Shofukuji & Fukusaiji Temples

Japan City Guides: Shofukuji Temple (聖福寺) & Fukusaiji Temple (福済寺), Nagasaki

Shofukuji Temple & Fukusaiji Temple

Jake Davies

Nagasaki is well known for the culture and history of the Chinese who lived there during the "closed country" period and later.

As well as the Chinatown there is a big Confucian Shrine and two Chinese  Buddhist temples, Sofukuji and Kofukuji that are popular tourist destinations and as such are well covered in guidebooks and other tourist literature.

Shofukuji Temple, Nagasaki.
Shofukuji Temple Gate, Nagasaki, Kyushu, Japan

There are however another couple of Chinese temples that are barely mentioned, but which, each in a quite different way, are well worth a visit and will reward those venturing a little off the main tourist track.

Whereas Sofukuji & Kofukuji are located in Teramachi, the line of temples along the  south of the Nakashima River, Shofukuji & Fukusaiji are situated to the north of the river about halfway between Nagasaki Station and the new Museum of History & Culture.

Shofukuji Temple, Nagasaki.
Shofukuji Temple Main Building, Nagasaki, Kyushu, Japan
Shofukuji Temple, Nagasaki.
Shofukuji Temple wall


Founded in 1677, Shofukuji is the 4th of the Nagasaki Chinese temples, though it was founded about 50 years after the first three. Each of the temples were established by Chinese from different areas of China, and Shofukuji was known as the Guandong (Canton) temple.

The first three temples were Ch'an Buddhist unaffiliated with any sect until after the Obaku sect was formed in 1661 and which they then proceeded to join, Shofukuji however, was founded right from the start as an Obaku temple.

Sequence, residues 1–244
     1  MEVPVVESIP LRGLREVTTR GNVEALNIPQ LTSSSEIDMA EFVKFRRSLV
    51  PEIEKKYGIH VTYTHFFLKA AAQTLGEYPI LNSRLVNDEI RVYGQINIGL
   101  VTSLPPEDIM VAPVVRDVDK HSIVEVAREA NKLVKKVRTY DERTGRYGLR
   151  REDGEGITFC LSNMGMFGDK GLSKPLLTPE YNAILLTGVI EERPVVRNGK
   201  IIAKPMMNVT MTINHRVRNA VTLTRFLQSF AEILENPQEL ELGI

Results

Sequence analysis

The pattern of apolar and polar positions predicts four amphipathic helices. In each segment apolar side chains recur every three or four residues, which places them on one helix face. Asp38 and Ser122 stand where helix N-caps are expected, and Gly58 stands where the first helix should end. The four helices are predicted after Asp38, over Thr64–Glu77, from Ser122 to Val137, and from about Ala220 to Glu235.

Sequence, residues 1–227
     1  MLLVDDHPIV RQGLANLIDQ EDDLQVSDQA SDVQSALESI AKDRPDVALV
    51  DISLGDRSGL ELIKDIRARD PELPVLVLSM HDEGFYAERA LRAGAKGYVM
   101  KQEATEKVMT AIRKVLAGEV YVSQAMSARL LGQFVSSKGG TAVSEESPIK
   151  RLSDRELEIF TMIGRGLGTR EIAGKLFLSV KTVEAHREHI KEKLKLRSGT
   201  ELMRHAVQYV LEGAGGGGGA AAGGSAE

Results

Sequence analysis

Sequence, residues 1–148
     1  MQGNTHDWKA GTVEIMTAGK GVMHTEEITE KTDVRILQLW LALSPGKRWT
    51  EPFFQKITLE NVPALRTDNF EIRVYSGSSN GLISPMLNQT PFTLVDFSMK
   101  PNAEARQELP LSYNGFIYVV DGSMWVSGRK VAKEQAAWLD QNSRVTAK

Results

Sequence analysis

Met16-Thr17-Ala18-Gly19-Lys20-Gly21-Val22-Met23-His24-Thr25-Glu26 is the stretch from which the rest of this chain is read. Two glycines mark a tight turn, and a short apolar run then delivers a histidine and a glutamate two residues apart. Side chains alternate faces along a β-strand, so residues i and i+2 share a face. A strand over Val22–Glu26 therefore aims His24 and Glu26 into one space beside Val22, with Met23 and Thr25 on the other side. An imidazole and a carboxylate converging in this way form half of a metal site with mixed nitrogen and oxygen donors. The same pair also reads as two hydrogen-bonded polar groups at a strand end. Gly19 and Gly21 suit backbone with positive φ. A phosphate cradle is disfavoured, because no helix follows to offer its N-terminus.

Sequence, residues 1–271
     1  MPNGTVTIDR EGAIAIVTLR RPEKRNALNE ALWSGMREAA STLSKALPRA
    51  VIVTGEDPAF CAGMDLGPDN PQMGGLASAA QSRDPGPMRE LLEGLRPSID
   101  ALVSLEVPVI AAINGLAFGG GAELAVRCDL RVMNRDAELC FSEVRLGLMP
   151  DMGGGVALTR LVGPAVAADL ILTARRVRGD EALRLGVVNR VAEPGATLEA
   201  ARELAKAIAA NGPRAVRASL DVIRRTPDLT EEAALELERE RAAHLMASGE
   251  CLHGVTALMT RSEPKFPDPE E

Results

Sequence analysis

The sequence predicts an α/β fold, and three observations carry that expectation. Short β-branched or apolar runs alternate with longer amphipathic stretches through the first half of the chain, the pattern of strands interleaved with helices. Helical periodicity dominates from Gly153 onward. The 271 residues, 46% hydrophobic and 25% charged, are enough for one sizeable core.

Another difference is that the other three temples always had Chinese priests whereas Shofukuji was always served by Japanese priests. You will also notice some differences in appearance from the two more famous temples across the river, firstly there is no booth taking an entrance fee. Entry is free.

Next you may notice that there is much more greenery here. Lots of large, old trees, and no manicured open spaces, everything is somewhat overgrown and the stonework is covered in moss. The buildings here are also in a rather dilapidated state and sorely in need of repair,  but that is the attraction of the place, a really serene green oasis in the city and literally oozing age.

The gate of Shofukuji was built in 1703, and up the flight of stone steps the first building you come to, the Tennoden was constructed in 1705. In this building you can see a large statue of a big, fat, laughing Buddha, Hotei, one of the shichifukujin, the 7 Lucky Gods.

He is sometimes considered, as is the case here, as a manifestation of Maitreya, the Future Buddha. Up another flight of stairs you come to the main hall, originally built in 1678 but rebuilt in 1715. Another difference you may notice between here and the other Chinese temples is that everything is left unpainted, there is little of the red color typical of the other two temples.